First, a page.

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At first glance, South Park appears to be a never ending expanse of shortgrass prairie. However, within this high mountain grassland, peatlands occur, or more specifically fens. South Park’s fens are home to many globally rare plant species, including several that can only be found in the great northern boreal belt.

JOIN US on Saturday August 6th as we explore one of South Park’s most unique landscapes. Our first-ever Fen Field Class will be led by Denise Culver, a botanist/ecologist with the Colorado Natural Heritage Program. Denise has been mucking around Colorado’s wetlands for over 20 years, She is also the co-author of the Field Guide to Colorado’s Wetlands: Identification, Ecology and Conservation (pictured above).

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You’ll definitely get your feet wet, but you’ll also learn so much more about why South Park is such a truly special place! For more on the upcoming Fen Field Class, and how to register, click here!

 

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The Milky Way, above the Main House at Buffalo Peaks Ranch. (photo taken by 2015 HistoriCorps volunteer Larry Glass)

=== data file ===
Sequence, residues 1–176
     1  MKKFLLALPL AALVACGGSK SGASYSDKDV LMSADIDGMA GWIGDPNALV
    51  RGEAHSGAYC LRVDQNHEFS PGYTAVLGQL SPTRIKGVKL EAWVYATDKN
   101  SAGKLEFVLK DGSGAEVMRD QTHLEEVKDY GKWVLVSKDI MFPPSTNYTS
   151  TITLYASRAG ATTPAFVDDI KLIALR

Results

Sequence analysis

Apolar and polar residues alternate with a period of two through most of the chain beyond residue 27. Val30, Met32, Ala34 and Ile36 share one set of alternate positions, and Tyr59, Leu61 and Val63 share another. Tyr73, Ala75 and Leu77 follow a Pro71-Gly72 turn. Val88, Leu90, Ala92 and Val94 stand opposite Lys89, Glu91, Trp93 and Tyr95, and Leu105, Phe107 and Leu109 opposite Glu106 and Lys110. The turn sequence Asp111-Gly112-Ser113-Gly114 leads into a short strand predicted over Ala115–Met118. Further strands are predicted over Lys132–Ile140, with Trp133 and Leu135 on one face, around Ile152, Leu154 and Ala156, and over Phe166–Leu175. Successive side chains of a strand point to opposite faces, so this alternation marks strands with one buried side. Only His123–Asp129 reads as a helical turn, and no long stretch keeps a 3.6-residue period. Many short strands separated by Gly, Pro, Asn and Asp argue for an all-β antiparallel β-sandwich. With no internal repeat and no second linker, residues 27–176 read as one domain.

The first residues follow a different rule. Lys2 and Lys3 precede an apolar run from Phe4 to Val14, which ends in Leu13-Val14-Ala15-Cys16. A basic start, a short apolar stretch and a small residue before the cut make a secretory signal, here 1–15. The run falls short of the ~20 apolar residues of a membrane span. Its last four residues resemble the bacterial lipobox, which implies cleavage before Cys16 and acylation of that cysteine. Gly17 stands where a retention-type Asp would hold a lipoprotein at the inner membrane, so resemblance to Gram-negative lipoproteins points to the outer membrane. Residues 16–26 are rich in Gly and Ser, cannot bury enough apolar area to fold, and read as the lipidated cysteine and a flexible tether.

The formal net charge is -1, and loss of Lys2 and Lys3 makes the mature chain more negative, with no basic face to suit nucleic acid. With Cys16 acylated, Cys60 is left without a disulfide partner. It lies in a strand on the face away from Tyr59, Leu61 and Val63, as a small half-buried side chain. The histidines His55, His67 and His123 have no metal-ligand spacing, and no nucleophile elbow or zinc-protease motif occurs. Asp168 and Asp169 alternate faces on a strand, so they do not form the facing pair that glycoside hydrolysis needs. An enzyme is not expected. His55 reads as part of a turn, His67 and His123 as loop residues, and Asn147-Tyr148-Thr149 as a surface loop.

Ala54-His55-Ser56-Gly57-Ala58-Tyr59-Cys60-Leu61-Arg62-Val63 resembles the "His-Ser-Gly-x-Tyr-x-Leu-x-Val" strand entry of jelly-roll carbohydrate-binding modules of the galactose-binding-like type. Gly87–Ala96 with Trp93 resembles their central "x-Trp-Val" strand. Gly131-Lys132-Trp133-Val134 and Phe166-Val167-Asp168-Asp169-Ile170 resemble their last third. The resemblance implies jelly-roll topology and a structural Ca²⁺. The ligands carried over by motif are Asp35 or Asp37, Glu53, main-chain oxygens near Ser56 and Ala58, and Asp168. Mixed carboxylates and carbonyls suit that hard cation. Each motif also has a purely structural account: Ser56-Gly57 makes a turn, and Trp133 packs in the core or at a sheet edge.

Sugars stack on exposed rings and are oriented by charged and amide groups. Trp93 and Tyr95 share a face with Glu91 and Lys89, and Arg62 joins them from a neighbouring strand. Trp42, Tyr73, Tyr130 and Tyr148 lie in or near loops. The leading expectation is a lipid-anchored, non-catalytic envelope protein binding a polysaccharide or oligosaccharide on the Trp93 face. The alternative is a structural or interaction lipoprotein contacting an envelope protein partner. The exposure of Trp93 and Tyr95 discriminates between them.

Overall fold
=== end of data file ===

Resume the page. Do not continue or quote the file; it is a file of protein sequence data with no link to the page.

Taking full advantage of South Park’s dark skies, on July 9th we will be hosting the first of many Star Nights at Buffalo Peaks Ranch. Join astronomy author Jeff Kanipe for a telescopic tour of the summer sky, including the Moon, Jupiter, Saturn, star clusters, and the billowy star clouds of the Milky Way.

Join us for this fun and informative night under the stars (weather permitting of course). Lodgings are available at several Fairplay motels just 15 minutes away, or come early and pitch your tent at the ranch! Snacks and hot drinks will be provided during star gazing, along with coffee and dutch oven biscuits in the morning.

For more on the Star Night fee, and how to register, click here!

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Jeff Kanipe is the author of numerous books on astronomy, including A Skywatcher’s Year, Chasing Hubble’s Shadows, The Cosmic Connection, along with his recent effort, a multivolume guide to celestial objects, Annals of the Deep Sky.